Stop Draw 3/20

Sousanis discusses the power we have, “it’s the capacity to host a multiplicity of worlds inside us” (96), and he uses the analogy of a door to introduce the expansiveness of our imaginations.

With this in mind, draw the door to your imagination.

Reading Question 3/13

“And third, there are those who insist that the most important site at which the meaning of an image is made is not its author, or indeed its production itself, but its audiences, who bring their own ways of seeing and other knowledges to bear on an image and in the process make their own meanings from it” (Rose 23).


In this section, Rose discusses the ways of seeing and the sites, “at which the meanings of an image are made” (16). Although she does not directly discuss ethos in this section by calling it such, she does address the credibility of the author/creator of a particular image. With her perspective of meaning making in mind, how does this theory of knowledge production translate to quantitative images (graphs and charts)? For example, if different individuals released two graphs and each image represented the same set of quantifiable information differently, what would be the author’s role in the image reception? What if one author was Neil deGrasse Tyson and the other was a graduate student in physics? In this case, would the authors still not contribute as much meaning to the image as the audiences themselves? [LW]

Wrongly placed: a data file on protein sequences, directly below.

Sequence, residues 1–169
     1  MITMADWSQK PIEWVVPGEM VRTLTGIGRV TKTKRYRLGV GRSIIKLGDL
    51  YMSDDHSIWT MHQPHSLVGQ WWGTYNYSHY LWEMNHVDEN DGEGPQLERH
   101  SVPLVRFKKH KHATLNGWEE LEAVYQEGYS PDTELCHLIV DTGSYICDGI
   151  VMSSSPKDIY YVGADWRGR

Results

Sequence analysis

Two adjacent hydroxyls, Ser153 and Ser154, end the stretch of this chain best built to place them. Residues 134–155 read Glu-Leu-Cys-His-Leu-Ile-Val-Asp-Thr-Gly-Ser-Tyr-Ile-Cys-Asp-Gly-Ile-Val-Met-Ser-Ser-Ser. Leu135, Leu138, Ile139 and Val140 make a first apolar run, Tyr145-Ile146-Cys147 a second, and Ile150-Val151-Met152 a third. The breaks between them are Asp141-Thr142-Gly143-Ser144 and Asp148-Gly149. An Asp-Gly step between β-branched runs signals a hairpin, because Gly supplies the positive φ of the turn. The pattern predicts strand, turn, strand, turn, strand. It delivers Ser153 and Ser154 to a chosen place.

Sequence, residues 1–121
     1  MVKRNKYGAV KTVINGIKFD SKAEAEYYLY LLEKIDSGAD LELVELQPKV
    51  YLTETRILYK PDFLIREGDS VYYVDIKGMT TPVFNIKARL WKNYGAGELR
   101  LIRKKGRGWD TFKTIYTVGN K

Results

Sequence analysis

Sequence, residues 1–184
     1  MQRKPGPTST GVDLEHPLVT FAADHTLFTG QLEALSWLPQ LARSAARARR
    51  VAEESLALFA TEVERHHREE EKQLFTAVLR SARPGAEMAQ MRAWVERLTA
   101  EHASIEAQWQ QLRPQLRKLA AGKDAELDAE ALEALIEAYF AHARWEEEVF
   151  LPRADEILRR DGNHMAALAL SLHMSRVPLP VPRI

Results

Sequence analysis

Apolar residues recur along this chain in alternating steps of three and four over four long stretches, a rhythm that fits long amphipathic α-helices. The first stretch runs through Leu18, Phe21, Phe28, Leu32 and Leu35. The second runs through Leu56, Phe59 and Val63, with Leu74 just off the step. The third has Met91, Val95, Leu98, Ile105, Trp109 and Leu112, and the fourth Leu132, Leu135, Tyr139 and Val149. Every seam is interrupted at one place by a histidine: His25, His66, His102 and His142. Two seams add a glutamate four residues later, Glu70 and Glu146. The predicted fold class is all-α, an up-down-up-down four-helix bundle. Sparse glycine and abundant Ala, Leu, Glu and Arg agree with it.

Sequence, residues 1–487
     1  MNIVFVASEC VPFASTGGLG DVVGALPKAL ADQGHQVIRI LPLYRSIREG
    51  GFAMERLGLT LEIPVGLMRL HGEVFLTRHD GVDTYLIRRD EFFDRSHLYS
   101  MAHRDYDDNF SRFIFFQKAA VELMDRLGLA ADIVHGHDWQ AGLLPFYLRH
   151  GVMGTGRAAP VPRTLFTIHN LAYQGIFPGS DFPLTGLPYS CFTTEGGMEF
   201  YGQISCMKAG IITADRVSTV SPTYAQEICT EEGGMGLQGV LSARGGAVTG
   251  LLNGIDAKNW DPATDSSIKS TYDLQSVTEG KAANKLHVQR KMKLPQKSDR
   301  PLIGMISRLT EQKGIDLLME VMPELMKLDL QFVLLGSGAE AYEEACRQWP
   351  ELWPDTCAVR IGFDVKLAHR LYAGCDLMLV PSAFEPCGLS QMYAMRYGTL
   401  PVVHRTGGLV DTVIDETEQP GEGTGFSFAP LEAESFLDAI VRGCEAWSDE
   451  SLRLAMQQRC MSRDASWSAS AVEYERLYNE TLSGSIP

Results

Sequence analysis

Big Idea 3/6

A humanistic approach to product design, usability testing, and artifact development allows designers to explain and improve the rhetorical aspects of generative knowledge design. Although Internet users experience complex cultural, geographical, and spatial networked relationships, these experiences go unnoticed and misunderstood. As Drucker discusses in Graphesis, with a humanistic perspective, the designer can ask: “How can we create fragmented and correlated points of view that connect one mode of analysis and display to another in a way that makes their connections legible?” (189). [LW]